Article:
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Oral Feeding Experiences

The previous discussions have centered on children who are tube fed. However many of our children do eat orally. Here are a couple of examples of their experiences

Rachel, age 7: she feeds orally well blended food at various times during the day and drinks from a cup like a normal person. It was hard in the earlier years with sucking problems and while she was teething: but a lot of patience and encouragement helped her along. She takes in her food an extra calorie supplement called duocal and also has Gaviscon in her food to give relief from trapped wind.  Agnes Marshall

Brendan, age 2 1/2 eats orally baby food mixed with cereal so itís kind of thick. Also mashed potatoes, cream of wheat, grits, etc. He seems to prefer veggies over sweets because he makes ugly faces for the sweet stuff. He is also on 2% milk now. They gave him whole milk in the hospital and of course he had no reaction. So the dr. thought we were nuts but at least know he can have anything. And he really loves ice cream.  Katrina (Brendan also has a gtube)

Nikki age 2 is fed mostly by G-tube because she burns more calories eating than she eats. She does eat soft foods (mostly 1st and 2nd stage baby foods and cereals) by a rubber tipped spoon.  When she eats by mouth, no matter how sweet or plain flavored it is, she will make faces like we are trying to poison her! It is really funny at times. Nikki will also take a bottle with Pediasure in it BUT it is really slow going and she will only take about an ounce before she tires out. Her favorite foods are pears, rice cereal, ham, beef, spinach, apricots and scrambled/mashed eggs. We have been known to feed her mashed potatoes and gravy (you know us farmers!!) and cakes and crushed cookies and crackers. Today she had a blueberry muffin while we were at convention, she seemed to like it. We are also trying out the cup. We are unable to use the leak free valve; she has to work too hard to drink from it with the valve in place. We had also tried out the rubber spout that fits onto the bottle and that works well until she starts to bite it, and then we have a mess!! We use the new Playtex vented bottle and she never has a bubble after eating. Nikki still takes a pacifier and we are trying to break her from it, we mostly use it for comfort. It is just a Nuk #3. We were giving her juices but they just filled her us and then she would not have room in her tummy for her formula. We have tried many formulas, Similac, Good Start, Enfamil, Peptamen and now Pediasure. We are qualified for WIC, but they tend to squawk about the cost of the formula. We also do not use much water other than a very small flush, because again it fills her up! Her G-tube was a real debate for my husband, Rich and I.  We deliberated for about 3 months but it is the best thing that we have ever done!! The GI doc didn't think that Nikki would need a fundoplication, because her upper GI didn't show reflux but after the G-tube surgery, she started to reflux and had to have the fundoplication last May, about 6 months after the G-tube placement. Lynnette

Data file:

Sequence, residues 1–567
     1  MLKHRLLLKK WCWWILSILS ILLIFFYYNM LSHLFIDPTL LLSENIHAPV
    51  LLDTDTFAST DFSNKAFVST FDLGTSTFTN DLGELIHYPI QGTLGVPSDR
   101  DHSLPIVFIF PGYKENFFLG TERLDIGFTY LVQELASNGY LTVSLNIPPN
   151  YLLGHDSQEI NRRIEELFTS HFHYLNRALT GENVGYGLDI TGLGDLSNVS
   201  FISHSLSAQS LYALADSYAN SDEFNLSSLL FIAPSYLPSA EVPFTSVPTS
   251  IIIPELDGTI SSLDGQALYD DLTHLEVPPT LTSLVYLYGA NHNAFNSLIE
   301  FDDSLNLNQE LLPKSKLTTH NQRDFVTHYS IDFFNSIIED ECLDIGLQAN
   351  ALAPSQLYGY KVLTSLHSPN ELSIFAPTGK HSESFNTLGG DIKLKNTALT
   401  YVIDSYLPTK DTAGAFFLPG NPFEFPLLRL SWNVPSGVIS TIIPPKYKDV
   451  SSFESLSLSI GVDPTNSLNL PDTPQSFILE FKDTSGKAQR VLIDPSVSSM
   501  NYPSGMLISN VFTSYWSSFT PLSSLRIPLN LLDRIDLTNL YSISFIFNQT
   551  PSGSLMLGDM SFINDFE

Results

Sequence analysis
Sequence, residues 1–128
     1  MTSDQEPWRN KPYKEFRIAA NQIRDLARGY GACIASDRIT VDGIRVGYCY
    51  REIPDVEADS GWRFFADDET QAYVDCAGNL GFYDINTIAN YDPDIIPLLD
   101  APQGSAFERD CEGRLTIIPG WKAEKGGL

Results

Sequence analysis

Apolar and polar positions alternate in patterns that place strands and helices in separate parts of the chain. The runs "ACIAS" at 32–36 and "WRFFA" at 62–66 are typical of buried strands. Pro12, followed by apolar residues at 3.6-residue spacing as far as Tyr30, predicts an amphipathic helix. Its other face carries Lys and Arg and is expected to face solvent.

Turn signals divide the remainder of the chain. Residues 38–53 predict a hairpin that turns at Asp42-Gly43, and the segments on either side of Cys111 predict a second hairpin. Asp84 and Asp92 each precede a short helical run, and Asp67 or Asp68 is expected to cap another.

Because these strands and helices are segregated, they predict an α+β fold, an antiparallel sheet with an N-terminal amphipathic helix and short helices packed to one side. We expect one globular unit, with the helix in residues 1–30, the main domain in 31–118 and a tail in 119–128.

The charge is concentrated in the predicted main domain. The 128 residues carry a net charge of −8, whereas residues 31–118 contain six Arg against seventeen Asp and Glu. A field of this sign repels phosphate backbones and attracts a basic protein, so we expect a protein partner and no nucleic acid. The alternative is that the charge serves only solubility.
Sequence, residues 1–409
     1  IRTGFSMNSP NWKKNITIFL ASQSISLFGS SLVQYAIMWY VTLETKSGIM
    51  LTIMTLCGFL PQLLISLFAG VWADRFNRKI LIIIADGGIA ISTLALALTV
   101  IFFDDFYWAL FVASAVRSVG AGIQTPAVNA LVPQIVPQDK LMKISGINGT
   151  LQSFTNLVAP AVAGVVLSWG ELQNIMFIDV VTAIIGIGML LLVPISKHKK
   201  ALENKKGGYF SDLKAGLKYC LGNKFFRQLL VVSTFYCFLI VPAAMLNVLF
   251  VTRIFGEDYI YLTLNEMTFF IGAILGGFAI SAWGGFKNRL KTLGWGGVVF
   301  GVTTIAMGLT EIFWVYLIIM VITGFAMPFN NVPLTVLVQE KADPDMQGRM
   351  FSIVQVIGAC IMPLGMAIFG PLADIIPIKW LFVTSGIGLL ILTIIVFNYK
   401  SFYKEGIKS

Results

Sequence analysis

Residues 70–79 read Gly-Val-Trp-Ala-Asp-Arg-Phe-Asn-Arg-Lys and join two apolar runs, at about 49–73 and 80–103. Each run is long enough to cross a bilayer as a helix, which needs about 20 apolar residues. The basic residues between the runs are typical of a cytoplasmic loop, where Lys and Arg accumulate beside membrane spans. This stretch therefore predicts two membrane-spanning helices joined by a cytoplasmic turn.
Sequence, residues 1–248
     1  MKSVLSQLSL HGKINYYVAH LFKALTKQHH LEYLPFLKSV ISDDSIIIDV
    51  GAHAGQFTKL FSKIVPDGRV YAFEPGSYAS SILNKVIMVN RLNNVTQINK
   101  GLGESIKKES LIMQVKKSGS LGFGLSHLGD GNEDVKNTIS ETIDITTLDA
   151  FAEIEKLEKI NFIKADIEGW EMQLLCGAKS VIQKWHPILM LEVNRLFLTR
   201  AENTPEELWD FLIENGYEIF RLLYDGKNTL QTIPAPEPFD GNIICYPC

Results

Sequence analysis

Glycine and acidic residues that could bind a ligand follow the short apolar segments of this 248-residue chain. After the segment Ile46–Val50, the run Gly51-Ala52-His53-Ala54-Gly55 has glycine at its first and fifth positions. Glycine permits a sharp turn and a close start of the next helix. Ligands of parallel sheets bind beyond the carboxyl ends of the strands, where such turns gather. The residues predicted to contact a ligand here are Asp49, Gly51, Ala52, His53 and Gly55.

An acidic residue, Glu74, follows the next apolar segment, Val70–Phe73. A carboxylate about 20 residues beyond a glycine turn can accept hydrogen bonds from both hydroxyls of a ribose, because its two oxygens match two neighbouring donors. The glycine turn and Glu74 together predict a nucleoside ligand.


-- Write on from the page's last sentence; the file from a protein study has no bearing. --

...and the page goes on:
As you can see, some children who have gtubes can continue to eat orally as well.